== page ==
• Social Media's Day in Court

    For the first time, the U.S. Supreme Court will hear a case on free speech on social media. The events that led to this case being heard, however, are not pleasant.

    It began when Pennsylvania resident Anthony Elonis made a series of violently worded posts on Facebook, seemingly directed towards his estranged wife. The FBI arrested him for violating federal laws against making threats toward another person. A jury convicted him, finding that his posts could reasonably be interpreted as legitimate threats, and Elonis was sentenced to 44 months in prison.

    Elonis, however, argues that his posts weren’t meant to be taken seriously, and compared his words to violent lyrics and fantasies in songs (his posts were written in a sort-of rhyme scheme). They are protected speech, he contends, because he never specifically intended to act on them. The outcome of Elonis v. United States, which was argued before the Supreme Court today, will determine that.

    The implications of this case are big simply because it’s the first one pertaining to social media. It also hits a little closer to home for Indiana, as it bears some similarities to a case of a man arrested and convicted in Dearborn County of threatening public officials online. Despite support from free speech advocates across the political spectrum, the Indiana Supreme Court declined to overturn his conviction, then rejected an appeal of that decision.

    It’s harder to say what the outcome of Elonis will be. Any high school journalism teacher will tell you that there are, in fact, limits to free speech, and that making threats is not protected by the First Amendment. But in addition to Elonis’ defense, experts are saying social media is a whole new ballgame. The case and judicial interpretations could somehow be affected by the medium’s features, like emoji.

    This probably won’t be the last word on free speech on social media, and maybe not even the last word on threatening or bullying through social media. But, social media’s status as speech has always been murky. The outcome of this case will at least bring some clarity.

  • Social welfare, Scandinavian style

    The general belief among proponents of social programs is that the best way to pay for them is to tax those with more money. Yet there is a model for funding such programs that passes the cost onto the consumers, so that they pay for services in a more direct manner.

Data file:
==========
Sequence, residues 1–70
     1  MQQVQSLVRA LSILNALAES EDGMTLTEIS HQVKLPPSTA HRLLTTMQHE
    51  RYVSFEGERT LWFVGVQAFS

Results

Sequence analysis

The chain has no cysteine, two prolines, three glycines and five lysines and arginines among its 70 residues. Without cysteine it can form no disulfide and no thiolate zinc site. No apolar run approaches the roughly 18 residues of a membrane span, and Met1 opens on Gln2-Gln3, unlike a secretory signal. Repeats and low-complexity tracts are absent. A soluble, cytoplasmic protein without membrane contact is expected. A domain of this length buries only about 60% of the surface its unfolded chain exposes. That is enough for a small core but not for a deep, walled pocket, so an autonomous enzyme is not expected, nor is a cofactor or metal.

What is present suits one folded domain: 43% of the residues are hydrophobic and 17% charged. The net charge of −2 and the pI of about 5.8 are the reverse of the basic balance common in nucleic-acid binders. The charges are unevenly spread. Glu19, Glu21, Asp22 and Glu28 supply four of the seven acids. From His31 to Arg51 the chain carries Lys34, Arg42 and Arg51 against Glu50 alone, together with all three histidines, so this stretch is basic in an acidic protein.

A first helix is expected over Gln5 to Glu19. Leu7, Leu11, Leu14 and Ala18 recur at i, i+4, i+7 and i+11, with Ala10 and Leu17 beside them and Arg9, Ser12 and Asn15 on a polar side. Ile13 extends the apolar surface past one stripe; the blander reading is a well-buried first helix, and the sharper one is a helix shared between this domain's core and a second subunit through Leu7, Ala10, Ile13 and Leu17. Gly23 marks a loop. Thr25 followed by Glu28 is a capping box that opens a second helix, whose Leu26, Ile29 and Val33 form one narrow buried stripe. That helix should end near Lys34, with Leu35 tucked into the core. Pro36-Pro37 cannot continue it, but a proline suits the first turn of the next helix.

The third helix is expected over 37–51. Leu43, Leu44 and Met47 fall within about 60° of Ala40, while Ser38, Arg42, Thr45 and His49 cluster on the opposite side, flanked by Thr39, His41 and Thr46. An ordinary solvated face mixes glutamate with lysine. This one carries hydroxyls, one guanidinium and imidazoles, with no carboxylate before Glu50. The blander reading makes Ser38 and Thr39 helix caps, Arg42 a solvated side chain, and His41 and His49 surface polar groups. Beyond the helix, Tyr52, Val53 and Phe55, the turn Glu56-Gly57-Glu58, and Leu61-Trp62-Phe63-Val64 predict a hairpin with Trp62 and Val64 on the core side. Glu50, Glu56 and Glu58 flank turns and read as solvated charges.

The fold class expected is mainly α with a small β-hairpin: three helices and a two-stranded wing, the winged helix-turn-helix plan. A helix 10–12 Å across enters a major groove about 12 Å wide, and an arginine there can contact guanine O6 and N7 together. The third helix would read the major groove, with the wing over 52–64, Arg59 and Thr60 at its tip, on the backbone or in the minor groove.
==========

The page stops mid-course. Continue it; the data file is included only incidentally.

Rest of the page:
This would be the Scandanavian model. In Norway, for example, the purchasing cost of regular goods is significantly higher. But there’s a reason for it: it’s heavily taxed to pay for the many social programs, including universal health care and free education, including college.

    That same article points out that such direct taxation is being used on a much smaller scale right here in the U.S. at the local level, funding social programs in towns and cities. It also suggests that such a taxation model could work for this country on a larger scale.

    I highly doubt it. While this model might work on a smaller scale, such as small towns funding something they’ll use locally, I don’t see people going for such funding at a statewide or national level. Simply put, the attitude of “Why should I pay for someone else?” is all too common in America, even if the thing they complain about actually benefits them as well as others. Same goes for the overall distrust of government programs, however illogical.

    But it’s not just a perception problem; high taxes can be a legitimate burden. I wrote recently of the high taxes driving residents from Illinois. Additionally, Illinois is raising taxes just to keep the state from going bankrupt. I imagine that a state instituting such a tax experiment will be met with a similar exodus, no matter how well-intentioned the reason for the tax may be.

    That’s not to emphatically state that the Scandinavian model is bad. On the contrary, I’m all for members of a community working together to help each other. I just have my doubts that that sense of community extends far enough for it to work on a much larger scale such as states.